Past research from other areas of the country has linked access to clean syringes to huge reductions in both hepatitis B and C infections and HIV infections. In addition to providing access to clean equipment, experts say, these programs are important points of contact where medical personnel can refer drug users to other services that may help address addiction and health.
“States can't afford to wait for the next HIV outbreak; they need to start setting up needle exchange programs today.”- Daniel Raymond, policy director for the Harm Reduction Coalition
Analyzing D.C.'s program
Ruiz used a statistical model to predict how many injection drug-associated HIV cases District residents would have acquired if the district's needle exchange program had never been created.
In this alternate universe, D.C. would have seen a total of 296 injection drug-related HIV cases in the first two years. In reality, the district counted only 176, which means that at least 120 people dodged an HIV diagnosis as a result of the needle exchange policy, according to the researcher's calculations.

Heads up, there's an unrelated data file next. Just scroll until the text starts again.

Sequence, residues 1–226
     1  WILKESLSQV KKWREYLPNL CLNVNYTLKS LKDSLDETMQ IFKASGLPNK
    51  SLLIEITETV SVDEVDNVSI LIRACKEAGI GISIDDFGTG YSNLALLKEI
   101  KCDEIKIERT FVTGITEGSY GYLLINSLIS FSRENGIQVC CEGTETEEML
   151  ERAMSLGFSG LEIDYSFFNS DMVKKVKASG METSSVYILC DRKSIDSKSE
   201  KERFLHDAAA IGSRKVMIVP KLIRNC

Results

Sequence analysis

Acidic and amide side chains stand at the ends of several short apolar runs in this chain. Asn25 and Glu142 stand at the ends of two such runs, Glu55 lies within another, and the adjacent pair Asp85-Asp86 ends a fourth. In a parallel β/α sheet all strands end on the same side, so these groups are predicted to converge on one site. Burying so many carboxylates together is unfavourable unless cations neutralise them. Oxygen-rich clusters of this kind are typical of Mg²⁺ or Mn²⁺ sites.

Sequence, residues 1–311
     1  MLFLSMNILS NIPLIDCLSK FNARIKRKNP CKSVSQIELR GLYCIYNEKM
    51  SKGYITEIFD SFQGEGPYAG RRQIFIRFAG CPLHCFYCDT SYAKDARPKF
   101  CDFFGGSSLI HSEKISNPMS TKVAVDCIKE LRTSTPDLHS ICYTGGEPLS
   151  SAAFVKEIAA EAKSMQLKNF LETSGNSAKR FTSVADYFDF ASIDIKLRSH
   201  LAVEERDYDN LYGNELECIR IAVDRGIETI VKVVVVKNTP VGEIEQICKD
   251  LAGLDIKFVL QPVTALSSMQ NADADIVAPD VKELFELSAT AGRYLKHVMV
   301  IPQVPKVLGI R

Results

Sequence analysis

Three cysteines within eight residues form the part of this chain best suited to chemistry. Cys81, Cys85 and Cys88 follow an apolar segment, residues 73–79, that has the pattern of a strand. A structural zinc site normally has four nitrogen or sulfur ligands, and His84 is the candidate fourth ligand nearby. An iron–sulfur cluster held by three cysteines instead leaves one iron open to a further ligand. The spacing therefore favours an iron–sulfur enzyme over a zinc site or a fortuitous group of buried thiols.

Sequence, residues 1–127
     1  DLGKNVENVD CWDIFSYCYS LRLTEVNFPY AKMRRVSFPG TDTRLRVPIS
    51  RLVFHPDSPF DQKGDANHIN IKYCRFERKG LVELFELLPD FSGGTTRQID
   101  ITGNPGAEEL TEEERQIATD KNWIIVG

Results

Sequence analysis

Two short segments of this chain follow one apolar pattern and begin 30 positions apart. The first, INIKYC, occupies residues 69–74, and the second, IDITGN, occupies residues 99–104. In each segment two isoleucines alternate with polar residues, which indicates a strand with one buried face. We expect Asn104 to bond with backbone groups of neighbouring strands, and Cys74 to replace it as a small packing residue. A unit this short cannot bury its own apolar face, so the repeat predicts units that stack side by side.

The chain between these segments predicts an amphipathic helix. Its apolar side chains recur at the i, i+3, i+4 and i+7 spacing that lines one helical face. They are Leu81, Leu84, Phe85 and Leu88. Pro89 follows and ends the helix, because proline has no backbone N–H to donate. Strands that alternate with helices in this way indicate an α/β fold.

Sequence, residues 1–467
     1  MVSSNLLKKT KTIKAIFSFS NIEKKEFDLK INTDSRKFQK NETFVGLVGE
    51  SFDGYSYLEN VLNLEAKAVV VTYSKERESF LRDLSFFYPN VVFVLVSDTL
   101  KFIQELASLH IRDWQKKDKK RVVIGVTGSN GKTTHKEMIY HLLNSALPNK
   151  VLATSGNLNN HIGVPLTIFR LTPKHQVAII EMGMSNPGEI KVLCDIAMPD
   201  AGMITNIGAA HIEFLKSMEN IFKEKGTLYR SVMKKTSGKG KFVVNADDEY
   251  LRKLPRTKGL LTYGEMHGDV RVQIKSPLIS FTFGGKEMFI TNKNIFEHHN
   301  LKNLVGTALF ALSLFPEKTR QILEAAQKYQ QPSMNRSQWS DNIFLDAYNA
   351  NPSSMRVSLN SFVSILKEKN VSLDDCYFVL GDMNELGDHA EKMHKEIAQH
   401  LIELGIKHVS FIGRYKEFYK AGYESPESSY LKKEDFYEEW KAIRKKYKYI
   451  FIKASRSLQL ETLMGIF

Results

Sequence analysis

In addition to saving 120 people from an HIV diagnosis, the program, which cost the city $1.3 million over two years, saved an estimated $44.3 million in lifetime HIV costs those 120 patients would likely have incurred. It also opened the door for public health workers to reach at-risk people with other interventions, like distributing condoms and HIV tests. It connected 321 people to substance abuse treatment.
Ruiz's analysis is unique, because while other research has measured the effects of a needle exchange program before and after it was implemented, her study assesses the impact of how policy, and investing local funds, changed the rates of new HIV contractions in D.C. The District did have an independently funded needle exchange program before Congress lifted the ban on using municipal money, but once the ban was lifted, D.C. was able to invest a lot more to enhance and expand its services.